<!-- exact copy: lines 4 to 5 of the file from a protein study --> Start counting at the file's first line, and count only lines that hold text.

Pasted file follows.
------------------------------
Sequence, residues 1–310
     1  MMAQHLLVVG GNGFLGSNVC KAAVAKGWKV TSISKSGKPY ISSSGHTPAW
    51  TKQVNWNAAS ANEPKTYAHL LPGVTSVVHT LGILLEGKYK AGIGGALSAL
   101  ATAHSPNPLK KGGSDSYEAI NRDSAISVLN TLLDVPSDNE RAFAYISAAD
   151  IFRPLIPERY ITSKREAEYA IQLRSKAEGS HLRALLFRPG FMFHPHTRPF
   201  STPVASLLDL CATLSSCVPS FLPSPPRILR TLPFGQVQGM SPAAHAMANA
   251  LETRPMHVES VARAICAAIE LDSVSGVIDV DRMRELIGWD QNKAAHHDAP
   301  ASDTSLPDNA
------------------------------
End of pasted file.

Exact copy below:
   101  ATAHSPNPLK KGGSDSYEAI NRDSAISVLN TLLDVPSDNE RAFAYISAAD
   151  IFRPLIPERY ITSKREAEYA IQLRSKAEGS HLRALLFRPG FMFHPHTRPF